1. Ethereum Layer: This layer performs all the internal operations such as staking, dispute resolutions, checkpointing, and finalizing.
  2. Polygon Network Layer: This layer is the foundation upon which all Ethereum-compatible blockchains are built is vital to the network’s flawless running of all critical operational processes.
  3. Security layer: This layer Provides digital security to any Polygon-compatible platform via a “validator-as-a-service” protocol, effectively allowing projects to leverage Ethereum’s pool of validators without having to use their own validators.
  4. Execution Layer: This final layer works as a runtime environment where all participant blockchains can be deployed. This layer, for example, implements and uses the Ethereum Virtual Machine (EVM) to execute various smart contracts.

How is Polygon solving Ethereum Layer 2 scaling issues?

Polygon has already stated solving Ethereum Layer 2 Solutions as Polygon runs on Proof of Stake (POS), which is one of the main factors to move the cryptocurrency towards eco-sustainability.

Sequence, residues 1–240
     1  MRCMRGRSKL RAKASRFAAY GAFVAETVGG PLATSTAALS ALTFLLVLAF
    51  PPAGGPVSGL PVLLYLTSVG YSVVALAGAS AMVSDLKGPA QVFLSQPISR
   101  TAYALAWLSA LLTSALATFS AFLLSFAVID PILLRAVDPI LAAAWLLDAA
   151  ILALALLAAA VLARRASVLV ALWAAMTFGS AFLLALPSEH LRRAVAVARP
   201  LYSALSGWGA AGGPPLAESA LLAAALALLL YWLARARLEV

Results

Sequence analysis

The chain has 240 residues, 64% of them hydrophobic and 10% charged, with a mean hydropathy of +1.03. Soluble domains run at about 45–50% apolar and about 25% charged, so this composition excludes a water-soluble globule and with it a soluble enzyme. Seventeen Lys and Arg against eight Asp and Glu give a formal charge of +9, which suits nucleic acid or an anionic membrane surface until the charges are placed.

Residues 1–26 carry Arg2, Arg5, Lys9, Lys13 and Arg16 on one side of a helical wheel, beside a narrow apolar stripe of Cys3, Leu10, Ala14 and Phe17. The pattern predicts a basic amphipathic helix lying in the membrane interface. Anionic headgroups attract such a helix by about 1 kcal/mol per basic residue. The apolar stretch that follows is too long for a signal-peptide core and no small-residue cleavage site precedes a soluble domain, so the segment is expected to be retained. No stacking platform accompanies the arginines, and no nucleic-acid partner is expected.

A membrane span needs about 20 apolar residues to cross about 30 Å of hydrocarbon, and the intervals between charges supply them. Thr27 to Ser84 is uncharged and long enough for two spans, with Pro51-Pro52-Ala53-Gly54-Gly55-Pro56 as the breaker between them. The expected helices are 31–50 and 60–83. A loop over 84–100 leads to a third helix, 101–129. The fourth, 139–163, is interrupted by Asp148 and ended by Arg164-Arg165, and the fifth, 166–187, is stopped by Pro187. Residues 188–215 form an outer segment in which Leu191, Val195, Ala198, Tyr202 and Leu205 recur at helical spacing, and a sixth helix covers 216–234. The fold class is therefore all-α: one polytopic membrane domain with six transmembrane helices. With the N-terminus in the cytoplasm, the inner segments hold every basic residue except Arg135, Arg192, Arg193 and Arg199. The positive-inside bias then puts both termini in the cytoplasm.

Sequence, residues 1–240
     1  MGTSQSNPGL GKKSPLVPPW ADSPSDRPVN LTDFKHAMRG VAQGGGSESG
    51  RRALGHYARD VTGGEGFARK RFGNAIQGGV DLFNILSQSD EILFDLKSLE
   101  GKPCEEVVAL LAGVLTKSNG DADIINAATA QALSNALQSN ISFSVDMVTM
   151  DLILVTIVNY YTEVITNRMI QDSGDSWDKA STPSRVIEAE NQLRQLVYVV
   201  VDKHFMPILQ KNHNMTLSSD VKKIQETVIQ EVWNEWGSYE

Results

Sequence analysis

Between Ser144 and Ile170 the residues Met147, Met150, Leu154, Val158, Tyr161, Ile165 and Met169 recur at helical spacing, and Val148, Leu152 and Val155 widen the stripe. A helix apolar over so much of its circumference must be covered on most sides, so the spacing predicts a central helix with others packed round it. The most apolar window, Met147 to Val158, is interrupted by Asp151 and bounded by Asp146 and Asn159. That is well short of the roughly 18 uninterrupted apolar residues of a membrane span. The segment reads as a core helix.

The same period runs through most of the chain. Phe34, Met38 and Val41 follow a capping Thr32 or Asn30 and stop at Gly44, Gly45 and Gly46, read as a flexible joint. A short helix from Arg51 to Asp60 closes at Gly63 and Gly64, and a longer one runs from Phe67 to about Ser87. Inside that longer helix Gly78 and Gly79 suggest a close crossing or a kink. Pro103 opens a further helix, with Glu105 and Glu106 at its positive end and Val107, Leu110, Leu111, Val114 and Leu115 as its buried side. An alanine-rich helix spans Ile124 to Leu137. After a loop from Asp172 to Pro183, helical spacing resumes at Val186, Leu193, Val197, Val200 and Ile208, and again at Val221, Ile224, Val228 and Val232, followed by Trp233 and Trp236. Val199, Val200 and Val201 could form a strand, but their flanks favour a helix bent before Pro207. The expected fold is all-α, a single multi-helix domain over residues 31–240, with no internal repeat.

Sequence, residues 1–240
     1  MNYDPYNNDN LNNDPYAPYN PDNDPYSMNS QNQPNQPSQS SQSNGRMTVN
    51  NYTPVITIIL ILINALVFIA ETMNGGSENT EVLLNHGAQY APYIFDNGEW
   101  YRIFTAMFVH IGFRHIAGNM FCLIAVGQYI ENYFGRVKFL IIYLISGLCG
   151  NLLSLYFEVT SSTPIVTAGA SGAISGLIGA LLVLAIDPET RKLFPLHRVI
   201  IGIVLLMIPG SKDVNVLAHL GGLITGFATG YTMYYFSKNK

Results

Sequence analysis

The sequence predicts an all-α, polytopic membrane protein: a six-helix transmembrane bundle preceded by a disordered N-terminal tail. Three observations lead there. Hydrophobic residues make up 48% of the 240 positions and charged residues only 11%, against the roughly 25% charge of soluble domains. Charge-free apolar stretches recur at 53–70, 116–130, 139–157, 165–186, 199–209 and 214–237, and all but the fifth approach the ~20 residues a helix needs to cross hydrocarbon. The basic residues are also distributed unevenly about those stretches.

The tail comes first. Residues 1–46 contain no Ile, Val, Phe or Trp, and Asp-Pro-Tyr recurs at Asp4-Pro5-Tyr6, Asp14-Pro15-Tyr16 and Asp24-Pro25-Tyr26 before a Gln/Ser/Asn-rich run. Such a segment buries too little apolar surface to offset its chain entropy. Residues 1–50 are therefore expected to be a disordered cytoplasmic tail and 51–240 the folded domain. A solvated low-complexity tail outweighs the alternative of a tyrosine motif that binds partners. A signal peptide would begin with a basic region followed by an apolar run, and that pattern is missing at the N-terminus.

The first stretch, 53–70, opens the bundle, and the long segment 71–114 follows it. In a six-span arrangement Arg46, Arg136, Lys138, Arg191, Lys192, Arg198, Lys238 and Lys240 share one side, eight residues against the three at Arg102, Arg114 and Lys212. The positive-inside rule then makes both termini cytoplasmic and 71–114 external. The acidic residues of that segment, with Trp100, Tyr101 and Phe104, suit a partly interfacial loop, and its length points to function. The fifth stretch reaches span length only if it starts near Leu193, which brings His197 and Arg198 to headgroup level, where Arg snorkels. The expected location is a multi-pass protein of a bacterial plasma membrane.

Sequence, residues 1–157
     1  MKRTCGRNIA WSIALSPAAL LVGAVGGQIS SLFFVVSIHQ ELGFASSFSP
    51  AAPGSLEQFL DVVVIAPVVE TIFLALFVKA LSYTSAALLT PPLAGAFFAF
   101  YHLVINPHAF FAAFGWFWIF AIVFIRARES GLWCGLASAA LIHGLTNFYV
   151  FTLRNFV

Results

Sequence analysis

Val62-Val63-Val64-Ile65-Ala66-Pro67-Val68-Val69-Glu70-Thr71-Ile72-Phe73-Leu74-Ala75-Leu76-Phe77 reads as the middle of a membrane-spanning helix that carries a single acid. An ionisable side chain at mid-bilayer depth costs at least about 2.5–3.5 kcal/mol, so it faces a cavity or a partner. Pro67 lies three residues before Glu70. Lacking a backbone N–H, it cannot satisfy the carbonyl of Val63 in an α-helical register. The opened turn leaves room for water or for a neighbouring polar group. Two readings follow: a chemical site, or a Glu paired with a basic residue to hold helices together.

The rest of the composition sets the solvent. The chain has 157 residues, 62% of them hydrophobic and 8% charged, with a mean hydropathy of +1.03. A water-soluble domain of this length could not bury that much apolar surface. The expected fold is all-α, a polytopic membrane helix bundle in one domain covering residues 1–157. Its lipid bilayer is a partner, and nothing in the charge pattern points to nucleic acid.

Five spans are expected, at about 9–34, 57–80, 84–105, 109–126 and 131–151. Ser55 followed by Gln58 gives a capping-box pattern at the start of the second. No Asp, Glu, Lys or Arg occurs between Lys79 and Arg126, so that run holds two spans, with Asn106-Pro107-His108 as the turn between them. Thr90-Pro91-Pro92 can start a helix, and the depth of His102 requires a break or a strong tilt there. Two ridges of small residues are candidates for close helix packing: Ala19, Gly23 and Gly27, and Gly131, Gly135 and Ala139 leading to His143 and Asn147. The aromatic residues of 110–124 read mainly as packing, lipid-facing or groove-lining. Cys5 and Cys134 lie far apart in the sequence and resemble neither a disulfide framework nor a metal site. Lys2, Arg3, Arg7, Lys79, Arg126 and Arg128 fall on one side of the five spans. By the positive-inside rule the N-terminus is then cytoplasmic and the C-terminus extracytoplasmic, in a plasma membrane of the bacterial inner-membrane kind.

Another solution that Polygon provides is rollups. Rollups are advantageous because they lower transaction fees, increase transaction speed, and broaden participation opportunities. There are two types of rollups, each with its own set of security features:

  • Optimistic rollups assume that all transactions are valid by default and only perform calculations when a challenge is issued. It means that Optimistic rollups do validation only if fraud is detected.
  •  Zero-knowledge rollups are off-chain computations then submitted to the main chain for approval. The Merkle Tree architecture of ZK-rollups is beneficial since it allows data to be stored off-chain.

Final Insight:

The Polygon has become a favorite blockchain for Web3 developers because it gives developers the ability to achieve what they could have done on Cadence but with a lot less work. Additional SDKs and chains are available from Polygon for developers to tailor the scalability solution of their dApp to their needs.

Ethereum-based commit-chain Polygon is entirely interoperable, configurable, and scalable as an Ethereum implementation. And this is the main reason why many developers are migrating to Polygon for their Web3 projects.